So if a bull gores or tramples a human being, what do we do with the animal? We kill it, right? If your dog jumps the fence; bites, mauls, or kills your neighbor’s kid; you kill the dog. That’s the way it is. We’re not equal. And it’s the same for us as well. If one man angrily, selfishly, or unjustly murders another, not in war or self-defense, God
tells us in verse 6, "Whoever sheds the blood of man, by man shall his blood be shed; for in the image of God has God made man" (Genesis 9:6).
So here’s the big idea: Human life is superior to animal life because human life alone bears the image of God.
The image of God means that we are unique, because we have been given authority to rule, and we resemble God in the sense that like God, we are eternal beings. So it’s the image of God that makes us great among all of His created things. It’s the image of God, imprinted upon our human soul that makes us distinct, that makes us so great, and even though
we’re great sinners. "For all have sinned and fall short of the glory of God." We’re still great… we’re just great sinners who’ve been "justified freely by his grace through the redemption that came by Christ Jesus" (Romans 3:23-24). And even though we often make choices that cause the image of God to become clouded, that cause it to become corrupted; Jesus comes to take away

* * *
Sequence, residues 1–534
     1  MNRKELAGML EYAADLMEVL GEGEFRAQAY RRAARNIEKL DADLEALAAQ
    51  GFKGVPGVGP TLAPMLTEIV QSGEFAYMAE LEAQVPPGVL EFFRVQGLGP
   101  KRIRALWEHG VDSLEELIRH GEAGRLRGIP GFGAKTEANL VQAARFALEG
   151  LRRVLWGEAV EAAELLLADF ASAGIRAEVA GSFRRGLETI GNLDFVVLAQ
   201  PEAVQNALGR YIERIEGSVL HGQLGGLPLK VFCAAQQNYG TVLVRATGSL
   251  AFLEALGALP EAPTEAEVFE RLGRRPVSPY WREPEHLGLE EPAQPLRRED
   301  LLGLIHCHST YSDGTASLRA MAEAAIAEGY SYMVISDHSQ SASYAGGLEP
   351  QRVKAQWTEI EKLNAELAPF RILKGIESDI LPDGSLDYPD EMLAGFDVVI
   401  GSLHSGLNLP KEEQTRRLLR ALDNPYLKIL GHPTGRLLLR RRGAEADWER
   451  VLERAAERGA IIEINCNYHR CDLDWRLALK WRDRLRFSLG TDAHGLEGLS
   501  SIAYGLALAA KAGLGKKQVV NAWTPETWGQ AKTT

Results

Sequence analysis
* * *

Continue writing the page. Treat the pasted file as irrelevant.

our sin and redeem us so that we can be brought back as God’s image-bearers and our greatness would remain forever.
So, because of the image of God in us, an animal or another human being is not allowed to take the life of another human being. And therefore, all of life is sacred to God including the life that is unborn. Because God is a living God who knits us together in our mother’s womb. And God is a God who is about life. He is a pro-life God. That’s what he’s
saying here. That we’re to value life and if someone murders a person, that person should be put to death.
That "The fear and dread of you will fall upon… every creature… and everything that lives and moves…" (Genesis 9:2-3).
So this is the institution of execution, the beginning of capital punishment, so that there would be justice, and that revenge is not extracted upon innocent members of the family, and that the offender is dealt with justly. God wants murderers to be put to death so that there is justice and human life is seen as sacred and protected.